Over the years, thousands of students have learned the art of dance at Dance Gallery. Currently, they have about 365 students dancing in 19 different classes based on experience or age. According to Sinopoli, “It’s a gift to be able to teach in my own neighborhood!”

Learn more about The Dance Gallery and classes at or call 773-445-8910.

Simmerling Collection Visits Former Home

By Carol Flynn

The historic Ingersoll-Blackwelder House, 10910 S. Prospect Ave., will be the site of a special open house and exhibit on Sun., Sept. 25, 5 to 7 p.m. Selected artistic works by the late Jack Simmerling and artifacts he collected from the grand mansions of Chicago’s past, will be on display. The event is hosted by the Glessner House Museum, which is raising funds to establish a permanent home for Simmerling’s collection.

John J. “Jack” Simmerling (1935-2013) was well known and loved in Beverly/Morgan Park as a talented artist and the owner of the Heritage Gallery on 103rd Street. Simmerling was also an avid historian and preservationist. He became enthralled with the palatial homes in Chicago’s elite areas, especially the Prairie Avenue district. Prominent citizens such as Marshall Field and George Pullman built homes there in the late 1800s. As the area began to decline and the mansions fell to the wrecking ball, Simmerling began a quest to preserve as much as he could of these buildings via paintings and drawings, and salvaging architectural and internal design elements such as stained glass windows, lighting fixtures, wooden moldings and even furniture. As a teenager, Simmerling crafted miniature houses to recreate the facades and interiors of the historic homes. All of these items became part of Simmerling’s legacy to Chicago’s history.

The Glessner House, on the National Register of Historic Places, is one of the few remaining historic properties in the Prairie Avenue district. Simmerling was a friend and benefactor to this house, and made arrangements for his collection of artifacts and paintings to transfer to Glessner House Museum upon his death.

“Jack assembled a unique and one-of-a-kind collection of artifacts exhibiting the fine craftsmanship of the many large mansions that once lined Prairie Avenue,” said William Tyre, Executive Director and Curator of Glessner House Museum. “A temporary gallery housing some of the collection was opened on Jack’s 79th birthday, Dec. 1, 2014. Funds are being raised so that the full collection can eventually be put on exhibit. The upcoming event will include paintings spanning more than six decades of Jack’s career, along with a variety of artifacts salvaged from the houses, plus a couple of his miniature houses.”

Besides viewing Simmerling’s collection, the Ingersoll-Blackwelder House itself is well worth the visit. One of Beverly/Morgan Park’s most historic homes, the Simmerling family owned it for many years. The house eventually took on the aura of a museum when Simmerling displayed many of the items he had rescued.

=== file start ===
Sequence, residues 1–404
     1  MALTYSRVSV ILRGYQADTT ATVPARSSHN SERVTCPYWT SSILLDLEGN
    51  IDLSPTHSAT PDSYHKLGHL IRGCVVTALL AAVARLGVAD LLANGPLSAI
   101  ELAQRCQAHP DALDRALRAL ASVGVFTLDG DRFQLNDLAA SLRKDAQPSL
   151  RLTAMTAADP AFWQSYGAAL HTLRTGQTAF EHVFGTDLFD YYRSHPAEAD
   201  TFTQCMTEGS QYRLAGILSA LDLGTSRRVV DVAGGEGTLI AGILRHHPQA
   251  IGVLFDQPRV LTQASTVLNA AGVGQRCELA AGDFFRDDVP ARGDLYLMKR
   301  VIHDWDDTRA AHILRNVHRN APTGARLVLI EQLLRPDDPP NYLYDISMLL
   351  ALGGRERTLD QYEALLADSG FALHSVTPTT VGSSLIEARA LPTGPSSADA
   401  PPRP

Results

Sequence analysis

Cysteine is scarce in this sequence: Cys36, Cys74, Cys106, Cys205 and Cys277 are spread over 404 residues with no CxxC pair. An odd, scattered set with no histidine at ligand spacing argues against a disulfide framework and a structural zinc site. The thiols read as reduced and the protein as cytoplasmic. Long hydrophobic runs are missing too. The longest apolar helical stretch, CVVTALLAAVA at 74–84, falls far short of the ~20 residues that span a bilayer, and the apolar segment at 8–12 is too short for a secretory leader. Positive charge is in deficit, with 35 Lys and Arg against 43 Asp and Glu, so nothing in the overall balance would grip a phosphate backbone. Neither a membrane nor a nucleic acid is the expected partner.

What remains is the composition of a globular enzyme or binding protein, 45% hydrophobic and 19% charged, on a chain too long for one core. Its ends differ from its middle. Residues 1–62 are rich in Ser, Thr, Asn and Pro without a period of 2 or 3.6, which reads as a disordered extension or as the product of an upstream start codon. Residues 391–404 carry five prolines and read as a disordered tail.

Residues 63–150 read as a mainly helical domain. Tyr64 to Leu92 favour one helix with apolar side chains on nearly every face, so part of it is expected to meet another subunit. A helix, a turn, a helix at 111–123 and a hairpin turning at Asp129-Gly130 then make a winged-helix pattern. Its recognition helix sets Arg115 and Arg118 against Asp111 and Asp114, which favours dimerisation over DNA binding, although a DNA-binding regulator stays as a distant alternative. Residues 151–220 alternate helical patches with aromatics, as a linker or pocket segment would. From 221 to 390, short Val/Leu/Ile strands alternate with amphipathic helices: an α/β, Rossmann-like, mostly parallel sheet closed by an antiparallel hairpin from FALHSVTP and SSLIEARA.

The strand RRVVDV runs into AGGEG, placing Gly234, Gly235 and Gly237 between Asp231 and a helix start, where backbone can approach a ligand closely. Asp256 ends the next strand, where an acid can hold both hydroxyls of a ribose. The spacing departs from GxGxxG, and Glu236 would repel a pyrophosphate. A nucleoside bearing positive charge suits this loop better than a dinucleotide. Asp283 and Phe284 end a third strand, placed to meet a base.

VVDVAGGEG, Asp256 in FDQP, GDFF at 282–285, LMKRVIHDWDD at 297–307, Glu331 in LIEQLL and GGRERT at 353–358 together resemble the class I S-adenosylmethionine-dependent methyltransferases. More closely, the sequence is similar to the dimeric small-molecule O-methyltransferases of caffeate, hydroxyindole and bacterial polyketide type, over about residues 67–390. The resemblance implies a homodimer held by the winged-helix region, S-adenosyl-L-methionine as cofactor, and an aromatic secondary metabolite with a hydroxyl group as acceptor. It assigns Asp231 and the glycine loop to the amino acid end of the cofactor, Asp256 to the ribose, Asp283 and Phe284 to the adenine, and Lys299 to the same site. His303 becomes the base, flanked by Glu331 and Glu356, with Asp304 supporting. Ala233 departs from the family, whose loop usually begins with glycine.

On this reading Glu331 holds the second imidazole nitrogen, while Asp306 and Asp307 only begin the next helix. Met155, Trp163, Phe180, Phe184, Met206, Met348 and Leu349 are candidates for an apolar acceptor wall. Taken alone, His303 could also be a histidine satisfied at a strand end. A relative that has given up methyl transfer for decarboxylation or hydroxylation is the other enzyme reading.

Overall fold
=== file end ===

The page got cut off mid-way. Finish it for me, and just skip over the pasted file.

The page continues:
Today the house is owned by Sandra Biedron and Stephen Milton, particle accelerator scientists who are Professors of Electrical and Computer Engineering at Colorado State University and spend much time at both Argonne National Laboratory and Fermilab on their collaborations. They also find the time to preserve historic homes. The Ingersoll-Blackwelder House has its own website at www.ingersoll-

“This home is a living part of history,” said Biedron. “The Ingersoll-Blackwelder House is important not only because of its age and unique architecture, but because of the people who lived there, including Jack Simmerling. Today we are debating many rights and freedoms. Well, Gertrude Blackwelder was the first woman to vote in Cook County after a law was passed in 1913 allowing women to vote for more than school officials. You can imagine the discussions that went on in this house!”

Biedron is happy to help host the Sept. 25 event. Wine and cheese will be served, as well as craft beers donated by Horse Thief Hollow. There will be desirable items available as part of the fund-raising, including a wine package from Cooper’s Hawk Winery and Restaurant, and an item donated from the Heritage Gallery.

The cost of the event is $50 per attendee; $40 for Glessner House Museum members. Reservations are required, and can be made online at or 312-326-1480.



Morgan Park/Beverly Hills Garden Club Celebrates 90th Year

By Kristin Boza

The Garden Club of Morgan Park/Beverly Hills celebrated a huge milestone this summer: its 90th anniversary. In honor of the milestone, the 54-member club was recognized with a Certificate of Merit from the National Garden Clubs organization. Since its inception, the club has been dedicated to beautifying the neighborhood, educating themselves about garden caretaking and also forming solid friendships with one another.

The garden club was informally established in 1926 and was officially chartered in 1927 as the Garden Club of Morgan Park – later adding “Beverly Hills” to its moniker, according to Joan Gavin, club president. “Enthusiastic gardeners met at the homes of its first 14 members,” Gavin said. “It was a working club of members interested in beautifying the community.”

One of the first tasks the garden club took on was caring for the triangular parks created by the winding streets, according to Gavin. The club also laid out the grounds for the Walker Branch Library and continued to care for and maintain the gardens there.